Cheng Man Ching Tai Chi The 37 Step Form


Postures of the Cheng Man-Ching Tai Chi Form

1. Preparation
2. Beginning
3. Ward Off, Left
4. Ward Off, Right
5. Roll Back
6. Press
7. Push
8. Single Whip
9. Lift Hands
10. Shoulder Strike
11. White Crane Spreads Wings
12. Brush Knee, Left
13. Play the Lute
14. Step Forward, Deflect
Downward, Parry, and Punch
15. Withdraw and Push
16. Cross Hands
17. Embrace Tiger, Return to Mountain
18. Fist Under Elbow
19. Repulse Monkey, Right
20. Repulse Monkey, Left
21. Diagonal Flying
22. Wave Hands Like Clouds, Left
23. Wave Hands Like Clouds, Right
24. Snake Creeps Down
25. Golden Rooster Stands on One Leg, Right
26. Golden Rooster Stands on One Leg, Left
27. Separate Right Foot
28. Separate Left Foot
29. Turn Body and Kick with Heel
30. Brush Knee, Right
31. Step Forward and Punch low
32. Fair Lady Works the Shuttle I
33. Fair Lady Works the Shuttle II
34. Step Up to Seven Stars
35. Retreat to Ride Tiger
36. Turn Body Sweep Lotus Leg
37. Bend Bow Shoot Tiger

The Tai Chi Sword Form of Cheng Man Ching

We have videos of Cheng Man Ching performing the sword form and videos of him teaching sword class. In this tai chi sword form, Cheng Man Ching performs in the characteristic upright, posture with a great deal of similarity to the form taught by his teacher Yang Cheng Fu.

CMC Performing the Tai Chi Sword Form


Cheng Teaching Sword Class


Cheng Man Ching Push Hands

Cheng Man Ching Push Hands

For Cheng Man Ching, push hands training was a huge part of the curriculum because it enables a student to test their posture, balance, stance, and measure their ability to remain relaxed and present in the face of chance or conflict.

I want to share three videos here to demonstrate the breadth of Cheng Man Ching’s push hand abilities as 1) a professional teacher, 2) in demonstrating martial skill, and 3) in relating the practice back to internal development. In this first video we see him teaching push hands without a single break to his posture. This in turn makes the student shine. The video quality of the second video is not great but this means it is original and we can still make out the power of his martial skill. The last video is a rare interview which captures Cheng talking about the difficulty building up enough energy (chi) to get past the base of the skull (Jade Pillow) so that energy can freely flow down the front of the body (microcosmic orbit). This demonstrates is medical and internal knowledge which he used push hands to test and practice.

Cheng Teaching Push Hands


Cheng Man Ching Push Hands Martial Force


Rare Interview with Cheng Discussion on Chi Movement


Cheng Man Ching Books, Videos, Documentaries and Other Resources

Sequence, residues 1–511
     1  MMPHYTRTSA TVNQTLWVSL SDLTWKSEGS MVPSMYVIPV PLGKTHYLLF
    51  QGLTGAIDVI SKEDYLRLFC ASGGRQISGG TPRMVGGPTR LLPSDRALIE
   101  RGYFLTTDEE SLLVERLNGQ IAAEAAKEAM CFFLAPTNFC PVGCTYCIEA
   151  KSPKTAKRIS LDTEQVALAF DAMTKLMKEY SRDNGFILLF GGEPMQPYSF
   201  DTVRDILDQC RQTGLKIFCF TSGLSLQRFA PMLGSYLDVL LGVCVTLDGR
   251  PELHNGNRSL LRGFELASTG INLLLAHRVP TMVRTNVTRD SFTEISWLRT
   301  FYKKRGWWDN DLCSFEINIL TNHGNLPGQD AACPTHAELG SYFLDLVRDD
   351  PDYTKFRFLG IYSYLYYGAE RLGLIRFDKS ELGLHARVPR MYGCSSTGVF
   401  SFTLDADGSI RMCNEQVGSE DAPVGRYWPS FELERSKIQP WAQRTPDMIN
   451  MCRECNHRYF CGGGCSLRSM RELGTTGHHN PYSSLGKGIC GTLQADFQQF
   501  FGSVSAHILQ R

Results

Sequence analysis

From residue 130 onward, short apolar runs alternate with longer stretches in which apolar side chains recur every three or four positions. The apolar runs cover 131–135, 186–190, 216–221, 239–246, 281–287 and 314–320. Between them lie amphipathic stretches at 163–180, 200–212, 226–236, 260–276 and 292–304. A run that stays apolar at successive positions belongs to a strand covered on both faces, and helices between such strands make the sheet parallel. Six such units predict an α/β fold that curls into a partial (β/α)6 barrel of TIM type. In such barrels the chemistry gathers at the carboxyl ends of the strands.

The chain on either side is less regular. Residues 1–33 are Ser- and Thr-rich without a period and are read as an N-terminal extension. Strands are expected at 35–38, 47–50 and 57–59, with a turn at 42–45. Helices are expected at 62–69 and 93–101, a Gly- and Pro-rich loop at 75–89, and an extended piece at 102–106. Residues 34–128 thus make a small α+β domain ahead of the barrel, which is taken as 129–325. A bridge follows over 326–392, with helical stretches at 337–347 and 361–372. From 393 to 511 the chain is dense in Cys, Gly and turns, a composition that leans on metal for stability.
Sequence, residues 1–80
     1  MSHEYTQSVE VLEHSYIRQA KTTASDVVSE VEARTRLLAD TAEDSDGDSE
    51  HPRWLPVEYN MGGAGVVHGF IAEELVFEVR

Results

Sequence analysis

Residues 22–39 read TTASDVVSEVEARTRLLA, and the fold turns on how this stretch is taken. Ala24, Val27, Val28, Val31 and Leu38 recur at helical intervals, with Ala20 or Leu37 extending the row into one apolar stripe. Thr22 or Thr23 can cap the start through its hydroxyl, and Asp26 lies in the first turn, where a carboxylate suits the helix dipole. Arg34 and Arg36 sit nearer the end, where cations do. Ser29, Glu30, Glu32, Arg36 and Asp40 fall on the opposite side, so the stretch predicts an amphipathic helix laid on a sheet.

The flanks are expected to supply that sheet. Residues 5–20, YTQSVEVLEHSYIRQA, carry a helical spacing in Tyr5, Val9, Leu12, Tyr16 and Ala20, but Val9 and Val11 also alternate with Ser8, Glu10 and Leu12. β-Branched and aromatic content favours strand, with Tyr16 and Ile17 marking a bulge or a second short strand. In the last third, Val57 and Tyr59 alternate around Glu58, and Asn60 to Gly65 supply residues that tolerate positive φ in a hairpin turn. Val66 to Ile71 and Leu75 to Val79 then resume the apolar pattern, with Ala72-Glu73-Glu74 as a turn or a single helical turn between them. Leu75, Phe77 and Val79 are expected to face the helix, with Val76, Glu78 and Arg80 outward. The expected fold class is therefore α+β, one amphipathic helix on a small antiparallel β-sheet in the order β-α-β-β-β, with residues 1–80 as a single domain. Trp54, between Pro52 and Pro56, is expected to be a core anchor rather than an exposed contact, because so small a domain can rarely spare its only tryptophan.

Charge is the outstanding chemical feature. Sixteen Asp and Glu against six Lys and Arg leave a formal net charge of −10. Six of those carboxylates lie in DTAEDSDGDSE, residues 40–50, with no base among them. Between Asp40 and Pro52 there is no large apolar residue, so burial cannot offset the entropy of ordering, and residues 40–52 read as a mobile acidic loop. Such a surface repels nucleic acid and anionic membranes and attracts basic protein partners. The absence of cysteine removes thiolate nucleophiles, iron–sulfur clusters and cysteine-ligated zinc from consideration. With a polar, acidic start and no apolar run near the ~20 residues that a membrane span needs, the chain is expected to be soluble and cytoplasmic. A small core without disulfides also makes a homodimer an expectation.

Wow! My jealousy of all CMC practitioners runnith over. You have books! You have videos! You have lectures! You have English-speaking students of his who continue to teach! The good news is that we don’t have to practice this specific style to benefit from his teachings. I have included the Cheng Man Ching books that continue to be be in circulation. There is also a pretty good Chen Man Ching short form video for you to brush up on your skills or start learning his style.

Cheng Man Ching Quotes

If you have been reading here awhile then you know that this is one of eight essays dedicated to giving an overview of the main styles of tai chi. Because of the multitude of amazing resources that exist and the fact that he was a poet, we have been left with many inspiring Cheng Man Ching quotes.

Use the mind to direct the chi and the chi to mobilize the body.

Cheng Man Ching quote on training.

Deep and deeper sufferings make higher and higher persons.

Cheng Man Ching quote on acceptance and perseverance.

When you initiate an ill-intentioned move, it comes back on you.

Cheng Man Ching quote on push hands with a broader implication for life.

When you finally reach the place where you understand what life is about, you’ll have the health to enjoy it.

Cheng Man Ching quote on health.

Pity! The southerly trees have shed their leaves. Nobody comes to appreciate the mountain’s beauty. Tomorrow I too will float away. My reflection gone from cool streams.

Cheng Man Ching quote on the temporary nature of living.

Scott Prath

Scott has been practicing and teaching tai chi and qigong since 2000. He is a lead instructor for the Austin Chen Tai Chi Association. His interest in the internal martial arts began after traveling in India and Nepal, and he has since traveled to China to train. Scott has published over 100 articles on tai chi with a focus on research showing the benefits of practicing.